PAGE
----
Nearly Perfect Fluid Behavior Inside a Nanoscale Solid
The discovery of graphene — a sheet of carbon only one atom thick — has led to the development of a new generation of high speed transistors. Graphene's unusual characteristics result in ultrafast electrical conduction and ultralow energy loss. This makes it an ideal material for next generation electronic devices, but why does it have such unusual characteristics? Early theories suggested that the electrons in graphene do not interact so they flow more freely. However, researchers have recently learned that the electrons do strongly interact and yet behave like a perfect fluid with a nearly zero viscosity. Quantum mechanical theory indicates that graphene is a "macroscopic quantum system" like superconductors. This explains the materials' low-resistance to electron motion. The discovery places graphene in the small family of almost perfect fluids and encourages scientists and engineers to look at more applications of this novel material.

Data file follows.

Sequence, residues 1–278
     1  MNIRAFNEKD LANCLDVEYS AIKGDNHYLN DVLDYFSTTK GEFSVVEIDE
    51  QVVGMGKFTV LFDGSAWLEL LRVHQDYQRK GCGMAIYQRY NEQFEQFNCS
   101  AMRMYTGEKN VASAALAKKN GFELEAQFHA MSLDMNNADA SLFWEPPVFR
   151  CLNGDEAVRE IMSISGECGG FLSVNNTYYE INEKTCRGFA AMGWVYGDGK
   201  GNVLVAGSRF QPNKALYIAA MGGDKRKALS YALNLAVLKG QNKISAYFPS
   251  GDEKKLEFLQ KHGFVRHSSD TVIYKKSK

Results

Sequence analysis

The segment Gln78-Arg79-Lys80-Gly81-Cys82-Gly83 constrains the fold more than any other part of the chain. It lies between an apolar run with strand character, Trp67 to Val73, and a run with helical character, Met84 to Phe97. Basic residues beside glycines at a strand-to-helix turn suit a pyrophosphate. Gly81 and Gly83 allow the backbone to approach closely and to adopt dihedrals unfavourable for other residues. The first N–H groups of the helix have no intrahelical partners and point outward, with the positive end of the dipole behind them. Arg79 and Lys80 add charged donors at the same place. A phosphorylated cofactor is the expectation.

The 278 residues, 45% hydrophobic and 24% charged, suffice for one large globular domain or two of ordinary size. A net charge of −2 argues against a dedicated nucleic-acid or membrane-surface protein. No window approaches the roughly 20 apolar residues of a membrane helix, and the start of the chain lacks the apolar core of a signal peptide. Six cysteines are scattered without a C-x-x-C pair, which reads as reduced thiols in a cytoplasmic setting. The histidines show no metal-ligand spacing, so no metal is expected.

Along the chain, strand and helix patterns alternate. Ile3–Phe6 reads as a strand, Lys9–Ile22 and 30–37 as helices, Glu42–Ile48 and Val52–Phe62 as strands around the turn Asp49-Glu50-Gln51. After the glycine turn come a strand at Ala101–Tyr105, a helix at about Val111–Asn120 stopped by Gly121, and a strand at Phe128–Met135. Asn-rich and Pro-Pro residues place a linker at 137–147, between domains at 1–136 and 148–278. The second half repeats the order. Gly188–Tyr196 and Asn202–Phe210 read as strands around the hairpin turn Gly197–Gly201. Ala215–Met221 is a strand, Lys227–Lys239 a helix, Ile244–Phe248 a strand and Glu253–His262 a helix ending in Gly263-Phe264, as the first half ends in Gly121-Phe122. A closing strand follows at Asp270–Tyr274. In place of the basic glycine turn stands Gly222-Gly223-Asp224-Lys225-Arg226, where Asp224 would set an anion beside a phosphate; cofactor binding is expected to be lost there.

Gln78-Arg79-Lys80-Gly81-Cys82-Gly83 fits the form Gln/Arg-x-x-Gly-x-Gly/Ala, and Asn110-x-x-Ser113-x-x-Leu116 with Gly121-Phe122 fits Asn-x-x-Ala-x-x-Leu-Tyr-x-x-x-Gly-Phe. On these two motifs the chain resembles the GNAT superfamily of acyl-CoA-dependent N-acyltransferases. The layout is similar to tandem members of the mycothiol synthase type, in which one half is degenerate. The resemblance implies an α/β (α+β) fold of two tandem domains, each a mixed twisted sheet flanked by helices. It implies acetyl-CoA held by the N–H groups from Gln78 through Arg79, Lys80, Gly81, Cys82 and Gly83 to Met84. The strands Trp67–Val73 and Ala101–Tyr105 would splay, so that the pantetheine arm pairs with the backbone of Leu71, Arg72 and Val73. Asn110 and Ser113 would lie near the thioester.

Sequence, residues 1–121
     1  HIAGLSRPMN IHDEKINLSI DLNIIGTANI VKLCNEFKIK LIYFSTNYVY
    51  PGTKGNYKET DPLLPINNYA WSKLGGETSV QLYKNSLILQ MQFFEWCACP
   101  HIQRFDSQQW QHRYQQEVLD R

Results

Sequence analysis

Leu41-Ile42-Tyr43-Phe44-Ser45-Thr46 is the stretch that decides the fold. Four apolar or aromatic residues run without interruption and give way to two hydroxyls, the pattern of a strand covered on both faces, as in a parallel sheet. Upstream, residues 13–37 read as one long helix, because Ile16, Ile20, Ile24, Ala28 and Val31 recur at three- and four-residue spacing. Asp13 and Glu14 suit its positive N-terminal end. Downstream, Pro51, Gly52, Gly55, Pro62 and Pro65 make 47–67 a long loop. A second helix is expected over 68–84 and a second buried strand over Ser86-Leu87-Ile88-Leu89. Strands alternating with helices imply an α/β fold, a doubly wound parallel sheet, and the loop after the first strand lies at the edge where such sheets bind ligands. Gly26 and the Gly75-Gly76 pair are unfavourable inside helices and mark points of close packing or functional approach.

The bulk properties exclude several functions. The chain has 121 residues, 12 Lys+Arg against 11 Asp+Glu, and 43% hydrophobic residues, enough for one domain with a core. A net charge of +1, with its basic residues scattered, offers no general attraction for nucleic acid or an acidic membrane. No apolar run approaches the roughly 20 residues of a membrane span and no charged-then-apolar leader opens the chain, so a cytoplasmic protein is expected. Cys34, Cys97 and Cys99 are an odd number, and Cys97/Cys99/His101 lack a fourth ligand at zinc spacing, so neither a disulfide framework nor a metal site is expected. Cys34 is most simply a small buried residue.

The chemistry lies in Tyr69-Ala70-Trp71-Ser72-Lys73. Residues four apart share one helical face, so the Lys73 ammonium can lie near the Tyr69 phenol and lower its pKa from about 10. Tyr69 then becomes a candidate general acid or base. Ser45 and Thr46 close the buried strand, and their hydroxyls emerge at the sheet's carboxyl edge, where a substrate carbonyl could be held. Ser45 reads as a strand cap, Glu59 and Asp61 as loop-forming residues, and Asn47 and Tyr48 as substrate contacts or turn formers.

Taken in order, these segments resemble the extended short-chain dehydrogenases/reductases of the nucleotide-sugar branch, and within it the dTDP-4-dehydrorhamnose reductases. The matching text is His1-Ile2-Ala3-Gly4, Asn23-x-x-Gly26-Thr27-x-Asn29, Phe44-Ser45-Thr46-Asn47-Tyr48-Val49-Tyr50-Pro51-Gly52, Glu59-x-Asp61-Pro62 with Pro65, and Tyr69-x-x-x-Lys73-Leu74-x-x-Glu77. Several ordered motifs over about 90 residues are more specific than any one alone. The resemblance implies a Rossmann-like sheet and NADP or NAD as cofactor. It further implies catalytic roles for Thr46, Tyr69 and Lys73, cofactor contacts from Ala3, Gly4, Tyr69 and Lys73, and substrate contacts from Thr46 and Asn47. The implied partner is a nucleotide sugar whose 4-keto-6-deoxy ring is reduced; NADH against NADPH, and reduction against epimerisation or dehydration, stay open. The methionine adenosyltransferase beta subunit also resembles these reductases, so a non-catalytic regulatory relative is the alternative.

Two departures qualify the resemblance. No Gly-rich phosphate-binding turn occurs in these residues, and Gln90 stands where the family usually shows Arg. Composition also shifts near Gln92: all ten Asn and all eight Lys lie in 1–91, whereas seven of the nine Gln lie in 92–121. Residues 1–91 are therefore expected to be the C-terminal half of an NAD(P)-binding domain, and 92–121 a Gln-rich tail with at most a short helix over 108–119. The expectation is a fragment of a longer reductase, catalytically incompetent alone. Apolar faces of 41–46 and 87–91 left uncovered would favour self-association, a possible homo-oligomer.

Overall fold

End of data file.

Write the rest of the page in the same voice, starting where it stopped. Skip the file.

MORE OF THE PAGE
- Markus Müller, Jörg Schmalian, and Lars Fritz. "Graphene: A Nearly Perfect Fluid" Phys. Rev. Lett. 103, 025301 (2009)***Editor's Suggestion***
This work has been featured in: Viewpoint commentary in Physics 2, 57 (2009) Electrons in graphene: an interacting fluid par excellence by Igor Herbut; Research Highlight in Nature Nanotechnology (July 2009) Graphene: Fantastic fluid, by Tim Reid; Science News (July 2009): Graphene gains nearly perfect liquid status, by Rachel Ehrenberg.
Contact: Jörg Schmalian, email@example.com